Literary menu with a dash of romance

Updated: 2008-03-06 11:38

Cuisine has always been considered a cornerstone of art, rising above and beyond the need for sustenance. This month, the Westin Bund Center Shanghai is crossing the boundaries and fusing food and literature at Asian dining outlet EEST, Crystal Garden.

"Romance of the Three Kingdoms" is the Chinese equivalent of Tolstoy's "War and Peace." Epic in scale and written in classical Chinese, the tome is considered one of the four great Chinese novels. The historical tale recounts the turbulent years near the end of the Han Dynasty (206BC-220AD) and spans the hundred of years leading up to unification under the Jin Dynasty (265AD-420AD).

The promotion comes after last year's successful "Dream of Red Chamber" special, where 12 courses were prepared reflecting each major character's story. This time, the task has been difficult and the culinary team at EEST has had to double their efforts in conjuring masterpieces while staying true to the text.

The result is impressive. While such promotions (they are popular outside the Chinese mainland in cities like Hong Kong) have the frightening potential to be cheesy, what was served at the Westin managed to impress with its creativity.

A problem the outlet faces, however, is explaining the dishes to English-speaking guests. While a prior reading of the book is not absolutely necessary, a basic grasp of the characters and events add volumes to the enjoyment. Many of the puns employed are lost in translation, however, so diners will have to take the word of this reviewer that they are funny.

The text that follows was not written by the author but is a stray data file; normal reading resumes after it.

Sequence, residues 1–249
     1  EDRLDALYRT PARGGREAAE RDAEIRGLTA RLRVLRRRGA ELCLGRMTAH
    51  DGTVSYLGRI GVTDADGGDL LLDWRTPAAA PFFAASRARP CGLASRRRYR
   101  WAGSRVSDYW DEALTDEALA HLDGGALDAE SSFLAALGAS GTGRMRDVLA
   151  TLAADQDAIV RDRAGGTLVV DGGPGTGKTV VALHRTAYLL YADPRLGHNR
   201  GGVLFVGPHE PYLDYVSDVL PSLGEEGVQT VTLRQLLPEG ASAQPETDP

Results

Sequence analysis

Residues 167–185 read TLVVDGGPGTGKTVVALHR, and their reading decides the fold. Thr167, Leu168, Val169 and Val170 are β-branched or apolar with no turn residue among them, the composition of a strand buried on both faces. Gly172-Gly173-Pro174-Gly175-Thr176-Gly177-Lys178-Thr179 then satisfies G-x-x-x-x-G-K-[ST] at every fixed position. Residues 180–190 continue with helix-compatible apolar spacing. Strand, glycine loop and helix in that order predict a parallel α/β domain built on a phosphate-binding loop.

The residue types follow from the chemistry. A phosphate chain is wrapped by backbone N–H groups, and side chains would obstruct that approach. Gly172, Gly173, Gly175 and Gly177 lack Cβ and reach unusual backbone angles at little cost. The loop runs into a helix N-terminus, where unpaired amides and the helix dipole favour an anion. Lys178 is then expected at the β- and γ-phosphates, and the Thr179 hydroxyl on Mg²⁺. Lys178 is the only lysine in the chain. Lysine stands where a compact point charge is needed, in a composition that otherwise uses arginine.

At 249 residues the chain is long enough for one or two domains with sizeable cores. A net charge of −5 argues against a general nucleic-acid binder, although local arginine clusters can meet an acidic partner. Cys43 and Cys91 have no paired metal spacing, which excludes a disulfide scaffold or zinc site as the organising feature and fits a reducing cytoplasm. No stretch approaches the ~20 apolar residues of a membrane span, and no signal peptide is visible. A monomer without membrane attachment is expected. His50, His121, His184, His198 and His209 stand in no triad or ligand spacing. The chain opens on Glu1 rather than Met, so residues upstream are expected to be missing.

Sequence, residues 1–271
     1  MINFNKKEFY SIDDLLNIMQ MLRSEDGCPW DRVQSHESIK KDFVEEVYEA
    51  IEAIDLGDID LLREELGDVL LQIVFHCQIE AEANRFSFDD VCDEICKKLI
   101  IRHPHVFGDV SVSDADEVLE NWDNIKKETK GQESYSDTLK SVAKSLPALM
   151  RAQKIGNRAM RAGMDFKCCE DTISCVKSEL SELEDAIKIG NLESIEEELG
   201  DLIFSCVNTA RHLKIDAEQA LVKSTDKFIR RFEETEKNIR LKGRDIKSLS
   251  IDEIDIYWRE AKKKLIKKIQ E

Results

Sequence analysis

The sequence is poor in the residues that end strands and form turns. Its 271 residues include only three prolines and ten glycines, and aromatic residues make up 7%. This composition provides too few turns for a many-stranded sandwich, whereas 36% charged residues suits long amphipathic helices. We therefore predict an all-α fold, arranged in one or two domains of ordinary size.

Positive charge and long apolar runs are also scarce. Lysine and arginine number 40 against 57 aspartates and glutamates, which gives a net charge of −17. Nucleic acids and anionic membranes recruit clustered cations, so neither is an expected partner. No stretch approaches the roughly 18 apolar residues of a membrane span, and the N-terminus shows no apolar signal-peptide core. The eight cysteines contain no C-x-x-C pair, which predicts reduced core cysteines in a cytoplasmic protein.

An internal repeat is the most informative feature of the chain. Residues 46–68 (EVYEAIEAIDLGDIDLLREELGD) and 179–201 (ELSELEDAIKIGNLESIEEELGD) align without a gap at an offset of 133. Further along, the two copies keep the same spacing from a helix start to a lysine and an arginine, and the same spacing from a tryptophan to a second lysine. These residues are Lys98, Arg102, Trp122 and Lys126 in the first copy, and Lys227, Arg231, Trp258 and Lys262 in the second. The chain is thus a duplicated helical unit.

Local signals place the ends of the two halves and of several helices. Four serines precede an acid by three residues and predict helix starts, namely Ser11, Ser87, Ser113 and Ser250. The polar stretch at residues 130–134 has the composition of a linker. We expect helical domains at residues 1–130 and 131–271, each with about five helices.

An example would be the Three Angers of Zhou Yu (188 yuan/US$26.50), a trio of cod, preserved vegetables and egg, all steamed. As the story goes, the famed strategist was out-witted by his opposite counterpart, Zhuge Liang three times and the resulting pent-up frustration supposedly led sickness and death. The same Chinese character is used for anger and for gas (qi), thus the dish is steamed by Zhou's rage.

If this link seems a little tedious, then the taste more than placated any fury. The cod was perfectly cooked and well-balanced by the egg and vegetables.

Another playful pun is Zhao Zhilong's Solo Rescue (98 yuan). The courageous warrior's name includes the character for dragon (long), which in turn lends itself to lobster (long xia, or dragon prawn). In the novel, Zhao rides solo to rescue his king, Liu Bei's son, who was born in captivity. Longevity noodles are a traditional staple during birthday celebrations, even though the ingredient itself is far from luxurious. To highlight the heroic nature of the rescue and the Liu heir's destiny for greatness, the dish was covered in a rich, tangy sauce simmered for more than 10 hours. Rich but fresh, it made the humble pasta a mere delivery device for the sensational sauce.

Thankfully not every dish resorted to word play. The Three Ambushes of Gratitude (88 yuan) relied on presentation to illustrate a key scene in the novel. The invading armies are once again outwitted by Zhuge Liang, this time with three concealed assaults. The line of steamed high-quality slightly-sweetened bean curd made with minced pork and mushrooms resembled the winding Huarong road Cao had to embark on, and the bacon-wrapped crabsticks suggested the danger he faced.

The most amusing, however, had to be the Great Debate (68 yuan). Basically a representation of a few scholars talking shop, the boiled glutinous rice balls were meant to be the participating orators, the pumpkin it came served in signified the pavilion they met in and the rice wine was meant to indicate a lot of spittle was sputtered during the heated discussion. Charming.

All prices are subject to 15 percent tax.

Address: 5/F, 88 Henan Road M.
Tel: 6335-1787


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